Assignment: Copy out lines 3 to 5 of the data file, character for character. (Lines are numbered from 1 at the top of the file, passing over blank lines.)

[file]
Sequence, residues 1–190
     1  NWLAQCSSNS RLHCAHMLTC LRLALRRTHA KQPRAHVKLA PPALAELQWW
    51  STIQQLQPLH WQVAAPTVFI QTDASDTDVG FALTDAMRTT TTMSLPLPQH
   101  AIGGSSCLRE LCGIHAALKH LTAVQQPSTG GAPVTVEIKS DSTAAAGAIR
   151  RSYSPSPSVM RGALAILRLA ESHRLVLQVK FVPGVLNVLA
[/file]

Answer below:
    51  STIQQLQPLH WQVAAPTVFI QTDASDTDVG FALTDAMRTT TTMSLPLPQH
   101  AIGGSSCLRE LCGIHAALKH LTAVQQPSTG GAPVTVEIKS DSTAAAGAIR
   151  RSYSPSPSVM RGALAILRLA ESHRLVLQVK FVPGVLNVLA